Hypothetically speaking, if I were to advocate for the support of Beijing to host the upcoming 2008 Olympics, I would obviously be met by a few number of counter-arguments in opposition to China’s direct involvement with the Olympic games. I am in no position to persuade anyone to agree wholeheartedly with my stance, for many undoubtedly resent China’s support of Burma’s military government, their involvement as Myanmar’s primary trading partner, its affiliation with the oppression involved in the Durfur genocide, and their long-term occupation of Tibet since 1951 which resulted in the denial of political freedom for its local inhabitants. Thus, China is believed to be the foothold of universal human rights violations and therefore ought to withdraw their sponsorship of the 2008 Olympics from its capital. However, I presently do not hold a particular view that leans more toward the support of the protests or toward the “torch.” But with the discussion of such a controversial and much debated matter like this, for example, I would encourage the open-ended exchange of opinions and ideas relevant to this topic, as long as it is conducted peacefully at the intellectual level of discourse – that is, without the bashing of any cultural groups (in which racism is apparent), political affiliations, personal opinions, and whatnot.

Moreover, I want to remind you all and make it clear to you as well that I am not in any way a specialist on the subject matter of Asian American studies. I too represent a portion of the community that may hold biased and/or ignorant viewpoints whenever I post my opinion on a particular issue or about my experiences regarding the overall theme of being Chinese/Asian in America. If I were a specialist or perhaps possessed broad knowledge within this field, I would have been more of a consistent blogger on a week-to-week basis, perhaps. I still have much to learn for this encompasses numerous facets of information regarding various topics within the wide spectrum of theories and concepts existent out there. I am a mere explorer, a student who is currently browsing the expansive world revolving around my academic and personal interests. Simply put, if I feel moved or inspired by any experiences or events that have impacted me in some manner or have caused me to generate a personal response on my part, I would write about it.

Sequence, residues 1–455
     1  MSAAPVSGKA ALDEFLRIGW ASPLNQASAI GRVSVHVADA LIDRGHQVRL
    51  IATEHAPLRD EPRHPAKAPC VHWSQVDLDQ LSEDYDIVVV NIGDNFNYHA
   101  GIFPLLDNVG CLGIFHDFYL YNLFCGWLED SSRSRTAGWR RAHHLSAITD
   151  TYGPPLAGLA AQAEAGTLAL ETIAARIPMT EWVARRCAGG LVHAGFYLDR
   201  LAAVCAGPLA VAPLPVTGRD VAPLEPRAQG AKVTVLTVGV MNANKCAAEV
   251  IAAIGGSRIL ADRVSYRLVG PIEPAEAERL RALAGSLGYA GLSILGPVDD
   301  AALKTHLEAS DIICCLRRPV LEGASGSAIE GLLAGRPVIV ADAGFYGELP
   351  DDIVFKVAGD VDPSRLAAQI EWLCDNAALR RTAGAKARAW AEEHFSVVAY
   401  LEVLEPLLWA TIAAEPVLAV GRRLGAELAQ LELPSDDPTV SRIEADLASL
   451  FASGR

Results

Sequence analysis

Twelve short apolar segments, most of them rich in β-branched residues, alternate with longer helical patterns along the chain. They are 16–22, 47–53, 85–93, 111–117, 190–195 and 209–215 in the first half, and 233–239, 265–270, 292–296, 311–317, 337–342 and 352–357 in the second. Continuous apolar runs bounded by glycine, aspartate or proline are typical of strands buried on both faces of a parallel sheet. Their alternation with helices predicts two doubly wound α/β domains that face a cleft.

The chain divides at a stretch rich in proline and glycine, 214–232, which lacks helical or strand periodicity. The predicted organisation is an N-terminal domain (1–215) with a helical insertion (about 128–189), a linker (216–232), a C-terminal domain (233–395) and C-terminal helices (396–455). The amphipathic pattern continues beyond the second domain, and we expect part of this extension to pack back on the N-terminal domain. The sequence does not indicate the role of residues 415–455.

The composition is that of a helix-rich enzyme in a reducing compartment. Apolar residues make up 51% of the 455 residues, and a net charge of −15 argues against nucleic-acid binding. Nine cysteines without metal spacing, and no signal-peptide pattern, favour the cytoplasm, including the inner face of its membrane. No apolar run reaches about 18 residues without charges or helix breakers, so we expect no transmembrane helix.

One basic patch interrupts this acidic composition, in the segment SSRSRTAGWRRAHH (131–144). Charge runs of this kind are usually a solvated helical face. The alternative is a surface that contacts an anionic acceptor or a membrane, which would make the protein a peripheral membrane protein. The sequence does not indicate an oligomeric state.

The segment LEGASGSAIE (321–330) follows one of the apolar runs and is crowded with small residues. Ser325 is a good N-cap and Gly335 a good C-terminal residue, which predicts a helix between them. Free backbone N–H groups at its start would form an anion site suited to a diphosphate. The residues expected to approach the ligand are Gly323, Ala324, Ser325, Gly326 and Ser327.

Site Moderator


October 28, 2007

Distinguishing Both Chinese and American Rhetoric

Filed under: Asia America, Assimilation, Personal Experiences — americanbornchinese @ 9:04 am

Dear Reader,

I sincerely apologize for the lack of updates as it has been many months since I last posted. I am currently in the midst of school projects, assignments, and midterms. I will definitely try to post more often, but my frequency of posts also depends upon how inspired I am to write regarding a selected topic or about a particular circumstance or series of events happening that pertain primarily to the Chinese/Asian American experience, history, culture, and community. If you are a regular visitor, I thank you for your interest in coming to my blog. Stay tuned for more updates in the near future, and I highly encourage discussion in comments if you would like to share any relevant personal experiences, opinions, or whatnot.

– Site Moderator


Intercultural Communication – Chinese and Western Styles